Highlights from COP23 – a brief explanation of the key outcomes and the plans for the future

The 23rd session of the Conference of the Parties (COP23) to the UN Framework Convention on Climate Change (UNFCCC) was held in Bonn, Germany, from 6 to 17 November 2017 under the presidency of the Government of Fiji.

It is the first time that a COP is presided over by a small Pacific island developing country that is facing an existential threat from global warming. Fiji’s presidency aimed at raising awareness about the situation of Pacific Island Countries that are among the most affected by the impacts of climate change.

The Conference was organized in two zones: the “Bula Zone”, where negotiations between governments took place, and the “Bonn Zone” dedicated to climate action events (high-level events, side-events, exhibits and delegation pavilions).

COP23 had as a major objective to define rules and framework to translate the ambitious goals of the Paris Agreement into action. The Paris Agreement is an international agreement to reduce global warming emissions and limit the increase in global temperature to “well below 2 °C above pre-industrial levels”. It was adopted in 2015 at COP21 in Paris and entered into force on 4 November 2016.

 

Some key outcomes from COP23

Fiji Momentum for Implementation

The 23rd COP closed on Saturday 18 November, after a night of negotiations, with the adoption of the “Fiji Momentum for Implementation”, a document that aims to advance the implementation guidelines of the Paris Agreement, in order to complete the Work Programme by 2018, and prepare the 2018 Talanoa Dialogue. In addition, the document contains some provisions on “pre-2020 implementation and ambition”.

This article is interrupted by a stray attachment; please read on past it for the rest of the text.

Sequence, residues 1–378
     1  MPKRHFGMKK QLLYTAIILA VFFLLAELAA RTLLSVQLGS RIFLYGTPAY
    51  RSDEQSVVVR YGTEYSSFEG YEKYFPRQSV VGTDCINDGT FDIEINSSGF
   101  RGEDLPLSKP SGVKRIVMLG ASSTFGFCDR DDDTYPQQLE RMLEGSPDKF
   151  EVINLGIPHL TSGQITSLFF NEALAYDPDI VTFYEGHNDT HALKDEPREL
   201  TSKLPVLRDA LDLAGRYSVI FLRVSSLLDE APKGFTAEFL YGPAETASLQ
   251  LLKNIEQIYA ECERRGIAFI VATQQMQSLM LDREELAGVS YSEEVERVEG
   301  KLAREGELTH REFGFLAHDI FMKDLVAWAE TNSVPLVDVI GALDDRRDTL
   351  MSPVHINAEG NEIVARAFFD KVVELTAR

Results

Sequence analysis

Talanoa Dialogue

As agreed in Paris in 2015 and confirmed at COP23, the Facilitative Dialogue, renamed as Talanoa Dialogue, will start in January 2018. The word “Talanoa” is used in Fiji and the Pacific to define a process of inclusive, participatory and transparent dialogue”. The purpose of Talanoa is to “share stories, build empathy and to make wise decisions, which are for the collective good”.

The Dialogue is a process through which all countries will take stock of their collective efforts towards the Paris Agreement’s objectives and will revise their ambition in reducing greenhouse gas emissions (their nationally determined contributions – NDCs). The Dialogue will close at the end of COP24 in Katowice, Poland.

 

Local Communities and Indigenous People’s Platform and Gender Action Plan

Several decisions were adopted at COP23, including the decision to operationalize the Local Communities and Indigenous People’s Platform. The platform will be a way to “strengthen the knowledge, technologies, practices and efforts of local communities and indigenous peoples related to addressing and responding to climate change” and to increase their involvement in climate negotiations.

Moreover, on 13 November, the Conference adopted the decision to establish a gender action plan to enhance the participation of women in UNFCCC processes recognising their critical role in climate action.

 

Ocean Pathway Partnership and Powering Past Coal Alliance

Two important initiatives were launched at COP23: the Ocean Pathway Partnership, which highlights the critical relationship between the ocean and climate and promotes action for a healthy ocean; and the Powering Past Coal Alliance, a coalition that aims at accelerating the phase-out of coal in a “sustainable and economically inclusive way”.

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